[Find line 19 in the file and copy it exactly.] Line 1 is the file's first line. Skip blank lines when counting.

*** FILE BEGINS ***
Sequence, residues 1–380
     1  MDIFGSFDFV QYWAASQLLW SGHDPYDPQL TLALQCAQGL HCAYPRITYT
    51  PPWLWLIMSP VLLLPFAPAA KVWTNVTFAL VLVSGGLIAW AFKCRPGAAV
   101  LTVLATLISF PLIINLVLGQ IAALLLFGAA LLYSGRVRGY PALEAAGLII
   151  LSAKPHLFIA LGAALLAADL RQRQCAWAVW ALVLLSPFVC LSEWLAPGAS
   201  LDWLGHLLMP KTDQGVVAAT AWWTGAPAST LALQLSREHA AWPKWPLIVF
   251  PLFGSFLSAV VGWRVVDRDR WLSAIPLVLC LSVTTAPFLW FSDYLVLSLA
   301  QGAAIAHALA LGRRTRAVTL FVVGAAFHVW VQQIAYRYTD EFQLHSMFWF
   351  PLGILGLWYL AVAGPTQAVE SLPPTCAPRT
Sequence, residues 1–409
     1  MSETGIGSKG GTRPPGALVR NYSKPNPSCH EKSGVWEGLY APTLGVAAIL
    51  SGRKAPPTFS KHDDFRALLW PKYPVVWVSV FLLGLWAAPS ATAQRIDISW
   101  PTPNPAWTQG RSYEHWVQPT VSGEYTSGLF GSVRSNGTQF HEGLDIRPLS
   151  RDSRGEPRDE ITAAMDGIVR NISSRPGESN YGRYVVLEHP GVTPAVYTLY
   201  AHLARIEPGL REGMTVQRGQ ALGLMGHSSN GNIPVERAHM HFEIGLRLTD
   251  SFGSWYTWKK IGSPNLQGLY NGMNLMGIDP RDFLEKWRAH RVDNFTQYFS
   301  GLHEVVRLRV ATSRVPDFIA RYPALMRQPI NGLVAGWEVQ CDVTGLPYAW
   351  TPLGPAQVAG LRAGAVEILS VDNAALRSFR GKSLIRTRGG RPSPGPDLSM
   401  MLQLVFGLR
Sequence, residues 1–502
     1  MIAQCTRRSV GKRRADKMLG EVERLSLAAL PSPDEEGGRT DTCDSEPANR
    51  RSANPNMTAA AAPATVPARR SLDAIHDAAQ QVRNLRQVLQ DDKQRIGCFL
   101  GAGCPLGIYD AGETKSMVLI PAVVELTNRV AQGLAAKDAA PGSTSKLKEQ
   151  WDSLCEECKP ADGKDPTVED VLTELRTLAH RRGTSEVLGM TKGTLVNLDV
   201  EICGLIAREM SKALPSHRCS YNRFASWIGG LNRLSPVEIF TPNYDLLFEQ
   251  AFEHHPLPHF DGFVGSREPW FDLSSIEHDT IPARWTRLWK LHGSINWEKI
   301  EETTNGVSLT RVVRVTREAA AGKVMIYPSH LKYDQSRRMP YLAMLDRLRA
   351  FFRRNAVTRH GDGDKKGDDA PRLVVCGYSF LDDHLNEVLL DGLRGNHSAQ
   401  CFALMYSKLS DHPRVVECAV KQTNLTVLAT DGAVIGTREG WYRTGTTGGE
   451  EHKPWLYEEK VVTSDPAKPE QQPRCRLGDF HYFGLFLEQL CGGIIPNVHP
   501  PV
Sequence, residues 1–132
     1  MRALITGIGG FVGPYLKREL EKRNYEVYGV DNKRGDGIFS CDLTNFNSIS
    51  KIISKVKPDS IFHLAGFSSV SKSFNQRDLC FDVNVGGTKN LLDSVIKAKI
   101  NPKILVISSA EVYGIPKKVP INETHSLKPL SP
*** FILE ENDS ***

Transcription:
   401  MLQLVFGLR